LAKE COUNTY, IL (September 15, 2020)  Returning for its 10th year, Lake County Film Festival (LCFF) will run virtually at from November 4th-16th, and for two special in-person engagements at The Gorton Community Center in Lake Forest. The festival will be its biggest yet with over 20 features and almost 100 short films. 

“2020 has presented the entire world with new challenges”, said Festival Director Nat Dykeman, “but for film festivals, it has also opened up new opportunities.” LCFF’s virtual festival will be open to anyone logging in from a device in Illinois or Wisconsin, which opens the festival up to an audience outside its immediate area. Additionally, since the festival will be doing remote Q&A events, and have a 24/7 chat room, the festival expects even more interaction between filmmakers and audience members. 

In addition to the full slate of films offered virtually, festival partner Gorton Community Center will be hosting a double feature on Saturday, November 14th, at their location in Lake Forest. “We’re thrilled to welcome the Lake County Film Festival back to the John and Nancy Hughes Theater at Gorton Community Center,” said Rebecca Fons, Director Of Film, “Seeing a movie again on the big screen with an audience is a great feeling.”

Jack C. Newell’s narrative feature Monuments will be playing at Gorton Community Center. Monuments is about Ted, who at the urging of her deceased wife’s ghost, steals her ashes and her family’s pickup truck to travel across the country to scatter her ashes at the Field Museum. Jack C. Newell is a multi-alumni from the LCFF’s previous festivals, who has been consistently putting out films over the last decade, including the cooking documentary 42 Grams, and the Award-Winning narrative Open Tables.  “When we shot this film, we intended it to be seen on the big screen”, said director Newell, “so being able to share it in it’s intended format is a dream come true for us!”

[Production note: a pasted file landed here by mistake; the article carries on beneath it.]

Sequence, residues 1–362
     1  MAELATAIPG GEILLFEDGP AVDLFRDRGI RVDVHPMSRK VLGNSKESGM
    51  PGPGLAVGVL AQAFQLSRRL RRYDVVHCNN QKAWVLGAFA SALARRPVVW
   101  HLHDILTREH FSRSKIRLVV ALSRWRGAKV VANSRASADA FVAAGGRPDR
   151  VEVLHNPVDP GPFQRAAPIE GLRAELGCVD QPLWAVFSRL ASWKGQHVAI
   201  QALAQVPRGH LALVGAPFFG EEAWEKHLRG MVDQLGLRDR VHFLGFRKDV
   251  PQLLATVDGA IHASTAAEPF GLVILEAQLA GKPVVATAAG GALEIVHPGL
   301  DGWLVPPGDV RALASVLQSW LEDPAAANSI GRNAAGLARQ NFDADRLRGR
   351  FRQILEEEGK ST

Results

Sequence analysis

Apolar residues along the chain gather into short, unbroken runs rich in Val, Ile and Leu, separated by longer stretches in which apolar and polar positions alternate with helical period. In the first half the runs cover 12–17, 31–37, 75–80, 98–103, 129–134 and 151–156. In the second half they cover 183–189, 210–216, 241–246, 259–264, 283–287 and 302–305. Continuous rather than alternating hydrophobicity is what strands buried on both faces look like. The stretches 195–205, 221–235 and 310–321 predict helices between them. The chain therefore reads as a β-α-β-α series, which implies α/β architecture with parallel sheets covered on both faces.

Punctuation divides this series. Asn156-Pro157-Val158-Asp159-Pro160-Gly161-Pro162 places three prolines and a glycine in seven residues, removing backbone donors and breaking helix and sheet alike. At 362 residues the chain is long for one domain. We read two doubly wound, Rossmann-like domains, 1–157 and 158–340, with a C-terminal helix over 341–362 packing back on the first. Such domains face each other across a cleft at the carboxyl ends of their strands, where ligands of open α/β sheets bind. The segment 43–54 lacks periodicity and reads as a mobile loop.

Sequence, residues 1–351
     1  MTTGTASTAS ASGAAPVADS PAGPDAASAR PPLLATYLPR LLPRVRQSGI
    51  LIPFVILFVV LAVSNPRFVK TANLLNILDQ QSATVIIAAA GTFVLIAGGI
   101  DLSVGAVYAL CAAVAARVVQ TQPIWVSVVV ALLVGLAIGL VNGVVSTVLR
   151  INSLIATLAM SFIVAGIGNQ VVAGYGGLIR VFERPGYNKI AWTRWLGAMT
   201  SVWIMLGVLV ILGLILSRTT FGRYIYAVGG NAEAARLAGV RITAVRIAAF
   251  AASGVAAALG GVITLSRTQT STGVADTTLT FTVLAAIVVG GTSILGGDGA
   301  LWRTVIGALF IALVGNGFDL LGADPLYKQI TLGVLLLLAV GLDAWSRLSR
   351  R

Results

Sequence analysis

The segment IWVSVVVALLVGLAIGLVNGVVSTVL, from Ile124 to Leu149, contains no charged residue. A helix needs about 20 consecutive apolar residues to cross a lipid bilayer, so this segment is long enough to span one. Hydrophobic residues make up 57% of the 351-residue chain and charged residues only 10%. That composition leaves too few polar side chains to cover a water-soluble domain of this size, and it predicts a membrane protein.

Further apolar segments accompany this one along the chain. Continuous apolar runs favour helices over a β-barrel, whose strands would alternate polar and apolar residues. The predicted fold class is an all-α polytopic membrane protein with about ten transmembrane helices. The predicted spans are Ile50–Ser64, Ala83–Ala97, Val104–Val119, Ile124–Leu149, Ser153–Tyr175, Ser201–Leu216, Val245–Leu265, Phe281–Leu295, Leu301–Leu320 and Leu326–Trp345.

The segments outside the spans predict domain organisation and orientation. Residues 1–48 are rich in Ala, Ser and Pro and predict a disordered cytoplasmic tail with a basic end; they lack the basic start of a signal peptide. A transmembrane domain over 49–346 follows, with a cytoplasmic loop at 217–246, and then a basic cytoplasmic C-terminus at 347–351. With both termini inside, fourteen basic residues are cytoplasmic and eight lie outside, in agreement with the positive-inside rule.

Gorton Community Center will also host a screening of the documentary feature Insert Coin, which chronicles the rise, fall, and eventual bankruptcy of Chicago-based Midway Games. “Midway Games pioneered the technology of motion capture in games, and went on to publish some of the most influential and successful games of all time, including NBA Jam, Mortal Kombat, Terminator 2, and my personal favorite, Smash TV,” said Festival Director Dykeman. 

While the festival lineup is still being finalized, some of the exciting narratives include: Cabarete, a drama from the Dominican Republic about a young man who wants to compete in kite-surfing, and Seven Short Films About (Our) Marriage, a romantic drama made up of seven vignettes that chronicles the better and worse, the turmoil and tenderness during fourteen years of two people trying to make their interracial marriage last.

On the documentary side, there’s We Don’t Deserve Dogs, a meditative exploration of man’s relationship with his best friend around the world, and Where She Lies, an investigative true-crime film about a woman who suspects her newborn baby was stolen from her and incorrectly declared deceased. 

This year’s festival features an immense 21 programs of short films. Running about 45 minutes each, they cover such topics as religion, photography, women in the workplace, guns, and Ukraine, as well as broad genres like Action, Science-Fiction, & Experimental. There is even a short film program about Nazis receiving their just deserts. 

For more information about the festival, visit

For more information about Gorton Community Center, visit


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